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What Is Drop Shipping?

Chris Malta

by Chris Malta

To understand Drop Shipping, we should first understand product distribution.

People have been distributing products since before the first mastodon skinner traded a fur coat for a flint axe.

Here’s how it works.

Let’s say ABC Manufacturers makes a product called Mom’s Ankle Wax. We’ll say that Mom’s Ankle Wax has been around for years. It’s a very well known brand name product. It will without a doubt give you the shiniest ankles on your block, and everybody wants some.

ABC Manufacturers makes Mom’s Ankle Wax, but they don’t sell it directly to the public. They’re a manufacturing operation. They’re far too busy melting paraffin and waxing test ankles to go around building stores all over the place. They need distributors; companies who will take their product and distribute it to the places that will sell it.

For years, ABC Manufacturers has sold Mom’s Ankle Wax to a company called DEF Distributors. The founder of DEF Distributors knew Mom herself, back in the old days when she made her Ankle Wax by hand, out in the turkey barn.

Today, DEF Distributors buys Mom’s Ankle Wax by the truckload. They pay $5.00 a case for it, which is a very good price. It’s such a good price, it has it’s own name: the Manufacturer’s Wholesale Price.

However, DEF Distributors does not sell it to the general public either. They are a distributor. They distribute Mom’s Ankle Wax.

DEF Distributors works with a chain of retail stores called Wax R Us. This place was founded by a retail business visionary who saw the incredible potential of Mom’s Ankle Wax a long time ago. Today there are Wax R Us retail stores on every street corner in every major city in the country. Wax R Us buys truckloads of Mom’s Ankle Wax from DEF Distributors for $10.00 a case.

So, DEF Distributors makes $5.00 on every case of Mom’s Ankle Wax they sell to Wax R Us retail stores. This makes DEF Distributors very happy.

Cases and cases of Mom’s Ankle Wax arrive in the stockrooms of Wax R Us stores everywhere. The Wax R Us employees open those cases, and pull 12 cans of Mom’s Ankle Wax out of each case. With their pricing guns, they stick a price of $4.50 on each and every can.

Wax R Us stores make a total of $44.00 on each case of Mom’s Ankle Wax. (12 cans x 4.50 per can = 54.00, minus the 10.00 they paid for the case = 44.00).

Wax R Us is even happier than DEF Distributors.

However, the happiest people of all are the people who can stroll into Wax R Us and purchase a can of Mom’s Ankle Wax for only $4.50. They think this is a great price, and they’re walking around with the shiniest ankles in town.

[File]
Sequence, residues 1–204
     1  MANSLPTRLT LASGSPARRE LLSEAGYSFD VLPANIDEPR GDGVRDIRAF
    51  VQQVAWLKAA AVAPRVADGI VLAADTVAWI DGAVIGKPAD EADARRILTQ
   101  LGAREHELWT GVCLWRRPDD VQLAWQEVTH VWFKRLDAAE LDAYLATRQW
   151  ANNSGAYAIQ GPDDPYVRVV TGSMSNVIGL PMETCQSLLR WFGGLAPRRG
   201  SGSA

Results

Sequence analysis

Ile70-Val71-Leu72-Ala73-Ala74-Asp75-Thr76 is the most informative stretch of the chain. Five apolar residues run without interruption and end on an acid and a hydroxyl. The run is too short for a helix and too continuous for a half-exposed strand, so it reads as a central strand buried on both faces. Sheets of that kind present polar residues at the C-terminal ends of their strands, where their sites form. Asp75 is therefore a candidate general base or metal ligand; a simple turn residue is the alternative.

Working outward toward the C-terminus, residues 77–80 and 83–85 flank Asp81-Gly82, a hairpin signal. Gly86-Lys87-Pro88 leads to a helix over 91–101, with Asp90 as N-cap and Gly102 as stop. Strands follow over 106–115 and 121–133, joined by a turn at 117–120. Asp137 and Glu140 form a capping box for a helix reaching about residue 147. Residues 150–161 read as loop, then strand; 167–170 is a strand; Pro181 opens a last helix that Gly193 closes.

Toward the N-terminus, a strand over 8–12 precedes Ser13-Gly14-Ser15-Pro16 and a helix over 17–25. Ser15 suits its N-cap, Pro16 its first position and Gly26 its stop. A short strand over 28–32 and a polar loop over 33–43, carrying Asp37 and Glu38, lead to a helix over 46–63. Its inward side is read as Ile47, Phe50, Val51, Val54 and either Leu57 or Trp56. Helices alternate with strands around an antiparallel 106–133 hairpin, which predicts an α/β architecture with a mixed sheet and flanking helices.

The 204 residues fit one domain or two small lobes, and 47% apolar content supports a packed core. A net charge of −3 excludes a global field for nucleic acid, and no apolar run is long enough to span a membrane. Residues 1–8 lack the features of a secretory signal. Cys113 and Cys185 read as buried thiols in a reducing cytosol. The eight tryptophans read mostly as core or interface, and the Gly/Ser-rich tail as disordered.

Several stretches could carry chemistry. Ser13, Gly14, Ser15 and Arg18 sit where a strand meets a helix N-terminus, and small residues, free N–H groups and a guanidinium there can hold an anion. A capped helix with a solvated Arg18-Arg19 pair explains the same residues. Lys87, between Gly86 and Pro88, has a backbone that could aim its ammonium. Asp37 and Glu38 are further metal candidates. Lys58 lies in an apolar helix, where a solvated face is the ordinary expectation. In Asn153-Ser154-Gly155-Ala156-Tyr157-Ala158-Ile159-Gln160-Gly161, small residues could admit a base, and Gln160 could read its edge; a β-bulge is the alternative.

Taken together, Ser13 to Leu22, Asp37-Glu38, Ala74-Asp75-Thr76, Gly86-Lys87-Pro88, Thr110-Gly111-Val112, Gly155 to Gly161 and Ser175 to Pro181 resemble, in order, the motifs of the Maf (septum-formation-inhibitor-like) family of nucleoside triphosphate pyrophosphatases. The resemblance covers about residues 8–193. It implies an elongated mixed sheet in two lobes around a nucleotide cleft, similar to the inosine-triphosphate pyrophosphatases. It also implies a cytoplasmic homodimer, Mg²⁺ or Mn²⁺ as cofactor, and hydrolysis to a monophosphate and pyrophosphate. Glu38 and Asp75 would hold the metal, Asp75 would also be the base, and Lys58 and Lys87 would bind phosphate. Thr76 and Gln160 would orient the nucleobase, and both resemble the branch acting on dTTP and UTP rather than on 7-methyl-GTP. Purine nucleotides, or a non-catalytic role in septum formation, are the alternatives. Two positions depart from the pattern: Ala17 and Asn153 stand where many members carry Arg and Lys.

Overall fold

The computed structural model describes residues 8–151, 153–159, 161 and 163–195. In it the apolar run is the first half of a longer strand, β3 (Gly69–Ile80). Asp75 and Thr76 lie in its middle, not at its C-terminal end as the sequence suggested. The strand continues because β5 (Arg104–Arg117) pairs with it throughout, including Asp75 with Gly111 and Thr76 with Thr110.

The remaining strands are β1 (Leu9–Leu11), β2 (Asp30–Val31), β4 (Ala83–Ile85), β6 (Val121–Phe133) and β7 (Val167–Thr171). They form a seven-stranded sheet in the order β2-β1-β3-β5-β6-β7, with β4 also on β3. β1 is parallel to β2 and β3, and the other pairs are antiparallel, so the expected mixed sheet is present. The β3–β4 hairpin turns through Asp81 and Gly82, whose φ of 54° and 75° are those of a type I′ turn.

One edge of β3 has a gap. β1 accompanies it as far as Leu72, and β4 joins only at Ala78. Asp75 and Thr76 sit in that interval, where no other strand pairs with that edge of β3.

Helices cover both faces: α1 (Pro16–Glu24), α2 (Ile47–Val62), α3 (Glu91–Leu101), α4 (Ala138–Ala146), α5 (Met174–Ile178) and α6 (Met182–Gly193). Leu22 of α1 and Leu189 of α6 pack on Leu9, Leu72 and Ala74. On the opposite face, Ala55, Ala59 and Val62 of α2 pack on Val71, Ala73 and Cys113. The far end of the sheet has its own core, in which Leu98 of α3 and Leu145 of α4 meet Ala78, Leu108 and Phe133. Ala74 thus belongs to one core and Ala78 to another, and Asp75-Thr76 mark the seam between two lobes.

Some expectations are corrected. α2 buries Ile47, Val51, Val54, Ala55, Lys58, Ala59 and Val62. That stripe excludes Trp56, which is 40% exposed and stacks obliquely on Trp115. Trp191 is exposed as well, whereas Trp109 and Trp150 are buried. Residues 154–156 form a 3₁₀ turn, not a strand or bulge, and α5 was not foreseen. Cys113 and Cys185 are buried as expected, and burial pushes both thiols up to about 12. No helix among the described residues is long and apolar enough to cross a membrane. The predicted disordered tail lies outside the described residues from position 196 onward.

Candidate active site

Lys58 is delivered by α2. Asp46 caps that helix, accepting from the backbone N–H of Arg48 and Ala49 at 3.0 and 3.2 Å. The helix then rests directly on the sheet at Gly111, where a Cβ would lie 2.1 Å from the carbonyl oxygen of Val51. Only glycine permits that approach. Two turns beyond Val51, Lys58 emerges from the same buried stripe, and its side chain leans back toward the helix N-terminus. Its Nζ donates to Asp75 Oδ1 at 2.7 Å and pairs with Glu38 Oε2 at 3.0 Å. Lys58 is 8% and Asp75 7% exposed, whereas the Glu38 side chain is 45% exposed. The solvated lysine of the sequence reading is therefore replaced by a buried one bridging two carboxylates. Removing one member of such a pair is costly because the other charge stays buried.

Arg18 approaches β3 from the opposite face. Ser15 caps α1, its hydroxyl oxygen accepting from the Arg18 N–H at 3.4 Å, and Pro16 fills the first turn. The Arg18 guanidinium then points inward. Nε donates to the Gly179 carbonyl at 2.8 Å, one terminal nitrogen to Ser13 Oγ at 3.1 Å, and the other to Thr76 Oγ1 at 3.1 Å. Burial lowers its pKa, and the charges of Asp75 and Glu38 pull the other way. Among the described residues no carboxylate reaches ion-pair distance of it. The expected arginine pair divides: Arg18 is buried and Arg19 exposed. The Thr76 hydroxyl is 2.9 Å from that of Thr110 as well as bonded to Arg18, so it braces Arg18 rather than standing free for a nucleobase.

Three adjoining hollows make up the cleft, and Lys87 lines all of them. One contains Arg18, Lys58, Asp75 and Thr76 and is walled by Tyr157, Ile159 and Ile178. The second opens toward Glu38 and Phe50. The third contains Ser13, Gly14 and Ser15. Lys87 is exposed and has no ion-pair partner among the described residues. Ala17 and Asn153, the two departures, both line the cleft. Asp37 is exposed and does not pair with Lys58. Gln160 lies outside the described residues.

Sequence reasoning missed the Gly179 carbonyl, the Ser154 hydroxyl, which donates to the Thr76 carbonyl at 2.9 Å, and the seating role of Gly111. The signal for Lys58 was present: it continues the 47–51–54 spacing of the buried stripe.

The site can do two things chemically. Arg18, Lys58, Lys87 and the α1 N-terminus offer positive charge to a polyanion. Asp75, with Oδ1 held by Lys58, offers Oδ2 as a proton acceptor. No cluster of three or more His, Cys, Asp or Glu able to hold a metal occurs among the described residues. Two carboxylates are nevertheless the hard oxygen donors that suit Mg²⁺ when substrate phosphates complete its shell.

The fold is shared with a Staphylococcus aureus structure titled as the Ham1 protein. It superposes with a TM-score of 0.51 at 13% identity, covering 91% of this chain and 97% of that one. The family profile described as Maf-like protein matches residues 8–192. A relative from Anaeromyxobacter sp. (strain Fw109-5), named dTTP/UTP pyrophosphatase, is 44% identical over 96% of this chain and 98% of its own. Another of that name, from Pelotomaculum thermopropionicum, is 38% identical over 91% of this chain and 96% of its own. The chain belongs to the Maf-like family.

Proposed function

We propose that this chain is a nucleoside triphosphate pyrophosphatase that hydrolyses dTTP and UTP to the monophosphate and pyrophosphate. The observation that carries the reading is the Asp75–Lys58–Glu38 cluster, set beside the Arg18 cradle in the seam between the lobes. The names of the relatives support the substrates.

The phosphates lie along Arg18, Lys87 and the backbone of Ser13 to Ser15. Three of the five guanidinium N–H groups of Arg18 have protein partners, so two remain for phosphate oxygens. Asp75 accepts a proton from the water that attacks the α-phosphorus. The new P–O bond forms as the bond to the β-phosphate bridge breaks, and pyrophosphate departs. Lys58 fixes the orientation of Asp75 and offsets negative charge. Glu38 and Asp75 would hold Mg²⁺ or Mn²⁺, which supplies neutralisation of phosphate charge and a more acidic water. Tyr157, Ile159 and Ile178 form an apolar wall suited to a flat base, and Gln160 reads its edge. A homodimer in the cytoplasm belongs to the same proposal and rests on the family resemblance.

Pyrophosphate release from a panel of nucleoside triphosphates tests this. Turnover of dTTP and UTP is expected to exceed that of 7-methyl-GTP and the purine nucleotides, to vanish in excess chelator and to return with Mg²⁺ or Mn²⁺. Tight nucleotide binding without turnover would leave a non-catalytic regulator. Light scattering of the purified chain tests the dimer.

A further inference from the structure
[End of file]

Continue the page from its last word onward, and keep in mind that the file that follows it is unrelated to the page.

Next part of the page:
Well, that’s it -basic product distribution. The manufacturer sells to the distributor, the distributor sells to the retailer, and the retailer sells to the end user (the customer). The manufacturer, the distributor and the retailer all make money because the customer is willing to spend money for the product.

Drop Shipping has been around for a long time, too. Probably as long as mail order catalogs; maybe longer. If you want to use a buzzword to impress a corporate type, call it “second party addressing”.

Above, we talked about the manufacturer-distributor-retailer relationship. When you use drop shipping to sell products on the Internet, (or anywhere else), YOU become the RETAILER in that relationship.

For our purposes, there are two kinds of retailer. There is the retailer who stocks products, and there is the stockless retailer. Drop Shipping means that you become a stockless retailer.

Retailers who stock products

Let’s imagine that you want to open a retail store on the Internet. You have to have products to sell, right? Let’s also imagine that you like to suffer. Mental anguish is your favorite pastime. You aspire to financial ruin. In that case, you will want to stock products for your Internet retail store.

To stock products for your store, you will have to rent warehouse space, or at least clean out your garage. You will have to have to pay for a shipping account with UPS or FedEx, unless you want to saddle up and trot down to the post office every day. Worst of all, you will have to pay for those products up front.